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  • 3 person found this review helpful

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    A thoroughly absorbing read - couldn't put it down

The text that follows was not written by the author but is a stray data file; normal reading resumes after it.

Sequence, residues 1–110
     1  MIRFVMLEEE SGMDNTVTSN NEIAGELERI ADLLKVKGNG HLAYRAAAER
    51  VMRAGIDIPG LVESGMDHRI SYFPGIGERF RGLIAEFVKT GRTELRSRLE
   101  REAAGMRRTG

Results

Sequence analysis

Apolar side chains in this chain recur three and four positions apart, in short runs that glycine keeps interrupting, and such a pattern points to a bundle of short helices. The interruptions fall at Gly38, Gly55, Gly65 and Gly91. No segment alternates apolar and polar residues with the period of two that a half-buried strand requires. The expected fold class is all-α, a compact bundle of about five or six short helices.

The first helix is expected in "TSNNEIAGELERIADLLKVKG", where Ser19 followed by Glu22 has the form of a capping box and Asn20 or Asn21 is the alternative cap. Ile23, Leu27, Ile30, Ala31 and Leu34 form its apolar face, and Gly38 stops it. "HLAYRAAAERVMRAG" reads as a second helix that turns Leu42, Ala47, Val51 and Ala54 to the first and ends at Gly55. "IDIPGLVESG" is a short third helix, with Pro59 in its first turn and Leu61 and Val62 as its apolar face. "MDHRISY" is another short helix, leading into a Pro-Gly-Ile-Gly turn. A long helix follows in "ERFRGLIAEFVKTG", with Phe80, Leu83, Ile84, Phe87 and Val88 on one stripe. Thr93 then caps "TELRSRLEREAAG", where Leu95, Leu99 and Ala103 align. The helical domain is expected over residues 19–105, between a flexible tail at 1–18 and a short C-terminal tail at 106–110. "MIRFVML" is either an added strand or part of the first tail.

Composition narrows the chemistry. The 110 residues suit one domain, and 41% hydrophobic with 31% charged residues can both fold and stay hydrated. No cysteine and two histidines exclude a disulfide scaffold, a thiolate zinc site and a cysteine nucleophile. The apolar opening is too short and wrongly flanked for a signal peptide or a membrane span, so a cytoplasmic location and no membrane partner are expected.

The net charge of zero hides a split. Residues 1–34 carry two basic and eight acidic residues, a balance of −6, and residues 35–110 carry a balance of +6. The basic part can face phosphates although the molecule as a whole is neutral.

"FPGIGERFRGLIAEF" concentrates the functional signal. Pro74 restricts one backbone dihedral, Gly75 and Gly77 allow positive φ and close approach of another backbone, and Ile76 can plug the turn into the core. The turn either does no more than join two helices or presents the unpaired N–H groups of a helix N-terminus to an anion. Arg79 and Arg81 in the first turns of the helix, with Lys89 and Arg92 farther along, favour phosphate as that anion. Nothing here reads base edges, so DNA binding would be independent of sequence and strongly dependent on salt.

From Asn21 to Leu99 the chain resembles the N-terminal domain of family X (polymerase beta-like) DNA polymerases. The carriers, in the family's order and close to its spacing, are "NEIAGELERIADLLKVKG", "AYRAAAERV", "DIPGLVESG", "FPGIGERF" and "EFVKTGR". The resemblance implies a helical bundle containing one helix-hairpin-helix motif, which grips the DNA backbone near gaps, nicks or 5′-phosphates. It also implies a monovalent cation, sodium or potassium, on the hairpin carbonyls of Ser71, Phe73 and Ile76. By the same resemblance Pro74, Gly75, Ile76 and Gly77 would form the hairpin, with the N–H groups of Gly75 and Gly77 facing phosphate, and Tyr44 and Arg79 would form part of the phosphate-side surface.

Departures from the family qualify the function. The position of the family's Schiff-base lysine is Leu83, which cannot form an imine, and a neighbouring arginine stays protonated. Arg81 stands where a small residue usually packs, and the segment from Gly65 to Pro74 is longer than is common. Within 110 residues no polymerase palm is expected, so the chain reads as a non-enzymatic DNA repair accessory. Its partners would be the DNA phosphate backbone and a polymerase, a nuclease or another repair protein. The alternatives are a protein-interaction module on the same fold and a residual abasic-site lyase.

Kate Moore states at the beginning of the book that she wants to write the story of the people involved in this case, of the girls and their struggles - and she does it very well. I found myself hooked from the first chapters, as she spoke of a world enthralled by radium and its possibilities; the wonderful things it was believed it could do, including its curative properties; the way even those who did know of possible dangers would handle it carelessly, recklessly, as if the fascination it held far outweighed any consequences. In the midst of this is the glamour and mystique of being a dial-painter, having a job that not only paid well but offered access to a substance usually affordable only by the richest.. Girls that left work still glowing with the remains of the luminous dust they worked with. To a modern reader, aware both of the fate of the radium girls and the dangers of radioactive materials, the consequences loom large - and when they arrive, they are horrific. But not only must they search for any possible treatment and seek some for of justice or compensation, they have to prove that radium - a substance doctors the world over praise for its 'health benefits' - actually caused their sickness in the first place. And the human aspect threads through it all: the girls with their lives ahead of them, the lies and the cover-ups, the greed and despair and outrage. I found myself quite invested in their legal battle and its outcome, even though I knew this was long since settled - or was it? A brilliant read to the very last page.

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